Since the arrival of Jeremy Kipp and his staff to Northwestern, the men’s and women’s teams have noticed a difference in culture. Not to mention that now they’re 1 team instead of 2.
Once you step on campus, you can tell that the now combined swimming program means business. They work hard as a team, in and out of the pool, even if all of their schedules don’t line up all of the time. The men and women chose their fall class schedules still thinking they would be separate teams, so Kipp and his staff had to honor their old practice schedules and keep most water workouts fairly separate. However, after morning workouts, the whole team eats breakfast together as one in the brand new state of the art athletic facility on campus, which is also the building they lift in.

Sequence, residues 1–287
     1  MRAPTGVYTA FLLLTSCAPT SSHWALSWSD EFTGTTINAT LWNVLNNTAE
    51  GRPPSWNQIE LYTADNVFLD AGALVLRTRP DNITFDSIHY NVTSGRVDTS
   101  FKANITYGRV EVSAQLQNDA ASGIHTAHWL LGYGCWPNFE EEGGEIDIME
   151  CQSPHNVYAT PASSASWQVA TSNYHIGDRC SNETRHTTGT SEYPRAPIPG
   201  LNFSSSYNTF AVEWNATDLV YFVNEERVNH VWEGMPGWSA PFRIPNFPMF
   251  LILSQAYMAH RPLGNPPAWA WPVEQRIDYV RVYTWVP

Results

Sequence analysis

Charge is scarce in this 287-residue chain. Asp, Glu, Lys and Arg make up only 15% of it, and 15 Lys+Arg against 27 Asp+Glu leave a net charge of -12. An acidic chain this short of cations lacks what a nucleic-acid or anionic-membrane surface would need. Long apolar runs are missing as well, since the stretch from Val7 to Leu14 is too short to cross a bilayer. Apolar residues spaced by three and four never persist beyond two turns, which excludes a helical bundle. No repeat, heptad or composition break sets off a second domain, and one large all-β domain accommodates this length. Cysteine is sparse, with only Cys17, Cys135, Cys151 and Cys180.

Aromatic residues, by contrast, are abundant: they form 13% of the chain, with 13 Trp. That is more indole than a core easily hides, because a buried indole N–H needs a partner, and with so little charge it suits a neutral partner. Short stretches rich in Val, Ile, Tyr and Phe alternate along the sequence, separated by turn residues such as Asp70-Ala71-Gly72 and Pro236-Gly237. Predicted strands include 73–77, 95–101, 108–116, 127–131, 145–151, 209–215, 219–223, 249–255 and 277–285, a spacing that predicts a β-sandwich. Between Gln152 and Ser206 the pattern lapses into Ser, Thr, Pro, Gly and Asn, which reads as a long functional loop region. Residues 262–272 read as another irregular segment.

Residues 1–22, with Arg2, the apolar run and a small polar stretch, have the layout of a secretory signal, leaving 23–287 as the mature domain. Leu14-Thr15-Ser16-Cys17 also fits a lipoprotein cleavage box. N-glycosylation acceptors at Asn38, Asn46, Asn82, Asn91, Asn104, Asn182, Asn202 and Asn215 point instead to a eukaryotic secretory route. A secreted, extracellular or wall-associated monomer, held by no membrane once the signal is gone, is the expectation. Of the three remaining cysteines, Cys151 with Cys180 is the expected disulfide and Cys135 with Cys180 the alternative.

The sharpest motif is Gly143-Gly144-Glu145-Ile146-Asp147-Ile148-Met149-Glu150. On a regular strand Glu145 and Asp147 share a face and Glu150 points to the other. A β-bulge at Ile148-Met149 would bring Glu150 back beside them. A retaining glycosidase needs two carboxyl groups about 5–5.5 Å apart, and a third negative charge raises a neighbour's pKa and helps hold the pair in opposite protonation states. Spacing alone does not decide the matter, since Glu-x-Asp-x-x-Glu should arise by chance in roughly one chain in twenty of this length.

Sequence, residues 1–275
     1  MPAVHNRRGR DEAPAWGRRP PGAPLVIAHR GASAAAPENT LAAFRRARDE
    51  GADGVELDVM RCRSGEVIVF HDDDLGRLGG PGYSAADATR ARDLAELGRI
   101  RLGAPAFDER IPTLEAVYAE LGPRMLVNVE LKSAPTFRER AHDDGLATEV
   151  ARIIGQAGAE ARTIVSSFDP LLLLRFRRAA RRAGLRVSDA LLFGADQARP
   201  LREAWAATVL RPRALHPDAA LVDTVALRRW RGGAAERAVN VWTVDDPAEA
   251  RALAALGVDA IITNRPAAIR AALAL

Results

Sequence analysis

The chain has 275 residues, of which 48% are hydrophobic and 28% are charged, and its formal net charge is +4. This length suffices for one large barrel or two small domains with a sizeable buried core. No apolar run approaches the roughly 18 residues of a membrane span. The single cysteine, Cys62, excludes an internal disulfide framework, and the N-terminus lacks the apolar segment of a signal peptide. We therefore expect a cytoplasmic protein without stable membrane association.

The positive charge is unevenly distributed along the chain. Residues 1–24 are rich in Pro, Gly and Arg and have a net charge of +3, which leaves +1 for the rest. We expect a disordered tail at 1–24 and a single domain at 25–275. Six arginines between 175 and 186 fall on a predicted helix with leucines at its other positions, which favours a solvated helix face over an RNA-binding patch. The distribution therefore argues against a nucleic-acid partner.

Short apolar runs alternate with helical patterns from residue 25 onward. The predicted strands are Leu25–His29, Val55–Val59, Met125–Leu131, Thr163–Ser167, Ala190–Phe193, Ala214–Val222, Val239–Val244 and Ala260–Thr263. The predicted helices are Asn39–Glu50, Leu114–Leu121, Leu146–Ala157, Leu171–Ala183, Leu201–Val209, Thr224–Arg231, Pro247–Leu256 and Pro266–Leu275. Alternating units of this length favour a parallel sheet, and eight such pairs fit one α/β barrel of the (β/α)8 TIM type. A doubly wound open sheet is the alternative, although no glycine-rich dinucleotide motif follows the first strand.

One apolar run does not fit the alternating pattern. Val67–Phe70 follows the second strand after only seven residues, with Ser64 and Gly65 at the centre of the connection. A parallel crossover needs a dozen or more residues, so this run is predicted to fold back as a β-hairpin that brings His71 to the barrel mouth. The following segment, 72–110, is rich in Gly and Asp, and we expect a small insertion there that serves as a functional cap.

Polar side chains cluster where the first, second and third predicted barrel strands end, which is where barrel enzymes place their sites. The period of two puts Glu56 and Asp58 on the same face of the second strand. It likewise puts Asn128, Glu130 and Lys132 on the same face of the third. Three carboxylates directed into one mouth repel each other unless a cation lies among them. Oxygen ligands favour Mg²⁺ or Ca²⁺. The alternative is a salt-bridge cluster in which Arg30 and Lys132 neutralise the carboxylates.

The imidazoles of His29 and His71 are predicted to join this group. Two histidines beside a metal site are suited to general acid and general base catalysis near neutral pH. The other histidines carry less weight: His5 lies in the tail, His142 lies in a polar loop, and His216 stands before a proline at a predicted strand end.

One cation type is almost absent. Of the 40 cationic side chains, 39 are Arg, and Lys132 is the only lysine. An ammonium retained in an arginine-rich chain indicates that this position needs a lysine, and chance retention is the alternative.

Athletes expressed it has been an adjustment combining the men and women’s programs, especially in terms of finding an identity both as a women’s or men’s team as well as a combined team. Sophomore Becky Kamau explained that developing both cultures was important in that Big 10’s and NCAA’s are both separate meets, so you had to function on all cylinders without half of your teammates there. However, for growth purposes and developing as elite athletes, training all together seems to be working well for the wildcats. The goals have been set high, and with similar goals for men’s and women’s teams, double the support from their teammates is never a bad thing.